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‘Mars,’ ‘And Over Again’: Artistic presentations side by side

CM 25/05/2021

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Choreography: Lior Tavori. 
Suzanne Dellal Center, May 23

Two creations were presented side by side, each with its own artistic climate, yet both offered layered works representing Lior Tavori’s thinking process, which slowly reveals itself.
The first, And Over Again, is a duet danced by Shahar Brenner and Noam Segal, both dressed in mundane clothes, buried under a pile of what seem to be red and black boxing gloves, while an old kitsch song carries a message of peace that may arrive tomorrow. Or the next day. 
What a chilling moment when current reality meets head-on a stale yet popular military-march tune of yesteryear.
The duet itself steers away from national issues and concentrates on more intimate issues of two torn souls – most likely post-traumatic – searching for elusive moments of human contact, well-illustrated by sensitive physical manifestations interrupted by moving the limbs in staccato on the verge of a breakdown.
Both dancers are impressive but the female role seems to carry more weight. The work is well composed and follows a distinct artistic path that is impressive in its details and carried with touching modesty. 
Mars, which follows, starts as a rather simplistic unit of four vital male dancers flexing their muscles, showing off some jumps in an athletic style. When they move in tight formations they tend to favor symmetrical compositions. Yet soon, the more they play around together, their individuality comes across quite clearly. The scent of self-awareness with a faint flavor of parody spreads, mixed with dry humor in small measures.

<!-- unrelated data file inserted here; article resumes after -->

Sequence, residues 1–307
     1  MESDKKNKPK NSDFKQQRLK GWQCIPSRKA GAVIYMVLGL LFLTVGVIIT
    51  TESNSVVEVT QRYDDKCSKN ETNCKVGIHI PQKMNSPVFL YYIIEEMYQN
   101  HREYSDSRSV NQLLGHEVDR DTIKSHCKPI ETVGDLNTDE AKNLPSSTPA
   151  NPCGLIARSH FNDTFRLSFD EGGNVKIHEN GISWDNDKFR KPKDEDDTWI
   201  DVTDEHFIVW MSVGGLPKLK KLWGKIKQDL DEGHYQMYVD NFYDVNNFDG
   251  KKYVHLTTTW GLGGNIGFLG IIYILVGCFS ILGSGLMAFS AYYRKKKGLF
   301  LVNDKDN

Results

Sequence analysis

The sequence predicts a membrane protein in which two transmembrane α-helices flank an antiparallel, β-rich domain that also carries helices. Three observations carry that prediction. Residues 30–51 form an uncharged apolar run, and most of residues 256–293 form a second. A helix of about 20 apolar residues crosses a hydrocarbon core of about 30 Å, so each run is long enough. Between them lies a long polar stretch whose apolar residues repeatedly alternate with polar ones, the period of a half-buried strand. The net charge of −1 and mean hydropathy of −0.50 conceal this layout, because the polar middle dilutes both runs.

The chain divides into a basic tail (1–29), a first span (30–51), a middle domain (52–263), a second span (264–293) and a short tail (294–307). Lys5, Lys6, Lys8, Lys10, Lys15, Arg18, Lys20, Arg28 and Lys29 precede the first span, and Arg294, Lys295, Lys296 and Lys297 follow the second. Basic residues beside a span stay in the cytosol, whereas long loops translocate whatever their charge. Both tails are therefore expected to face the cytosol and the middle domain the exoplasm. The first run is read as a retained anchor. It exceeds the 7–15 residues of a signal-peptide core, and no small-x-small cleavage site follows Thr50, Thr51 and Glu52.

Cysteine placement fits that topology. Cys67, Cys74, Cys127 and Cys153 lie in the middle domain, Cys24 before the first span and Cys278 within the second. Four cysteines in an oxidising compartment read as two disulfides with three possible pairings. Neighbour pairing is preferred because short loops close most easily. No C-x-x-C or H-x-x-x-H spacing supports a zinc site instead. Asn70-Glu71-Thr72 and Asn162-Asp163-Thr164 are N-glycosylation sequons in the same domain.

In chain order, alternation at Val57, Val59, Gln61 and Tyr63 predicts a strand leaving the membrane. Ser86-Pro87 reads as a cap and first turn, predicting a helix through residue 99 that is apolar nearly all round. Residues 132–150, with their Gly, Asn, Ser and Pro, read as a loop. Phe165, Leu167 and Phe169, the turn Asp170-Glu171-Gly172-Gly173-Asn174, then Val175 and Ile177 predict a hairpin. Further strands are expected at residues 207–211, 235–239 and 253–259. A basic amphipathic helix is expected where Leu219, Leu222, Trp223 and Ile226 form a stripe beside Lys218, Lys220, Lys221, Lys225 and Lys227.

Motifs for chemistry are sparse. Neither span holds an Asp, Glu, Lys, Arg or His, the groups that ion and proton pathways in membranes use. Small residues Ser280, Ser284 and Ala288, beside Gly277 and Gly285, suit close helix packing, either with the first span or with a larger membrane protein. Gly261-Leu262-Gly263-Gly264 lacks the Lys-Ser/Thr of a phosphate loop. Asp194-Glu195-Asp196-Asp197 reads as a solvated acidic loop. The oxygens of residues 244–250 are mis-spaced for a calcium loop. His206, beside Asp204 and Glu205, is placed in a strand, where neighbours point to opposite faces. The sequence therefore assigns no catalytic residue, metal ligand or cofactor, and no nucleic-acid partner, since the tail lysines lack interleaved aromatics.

As time passes, more and more sophisticated nuances reveal themselves and the fiber that holds the core of the artistic structure is exposed slowly, revealing bright, inventive gestures and compositions. 

The unequivocal high point of the evening was an unexpected rendition of The Dying Swan, an iconic short, classical romantic ballet, choreographed by M. Fokin for the legendary Anna Pavlova, which culminated the romantic notion of spiritual, unattainable femininity. Yet here, one of the dancers gives a far-fetched rendition, crude and far away from the sublime, yet still challenging solo. Even so, some moves and gestures by the strong dancer fleetingly refer to the delicate original creation. One may take it as a satire, as a disrespectful stance, but although it definitely is a tongue-in-cheek scene, it was totally within the restrained humor of Tavori’s lexicon.
The finale that closed the evening was a twirling storm of powerful moving circles by the quartet, which swept the audience and gave the dancers a justified standing ovation.

Source: Jerusalem Post

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The host of Coffee Mouth Scare Crow Show and CEO of 452 Impact, Inc. Here is food for thought. Romans 6:23 "For the wages of sin is death; but the gift of God is eternal life through Jesus Christ our Lord." John 3:16 "For God so love ed the world that he gave his only begotten Son, that whosoever believeth in Him shall be saved."

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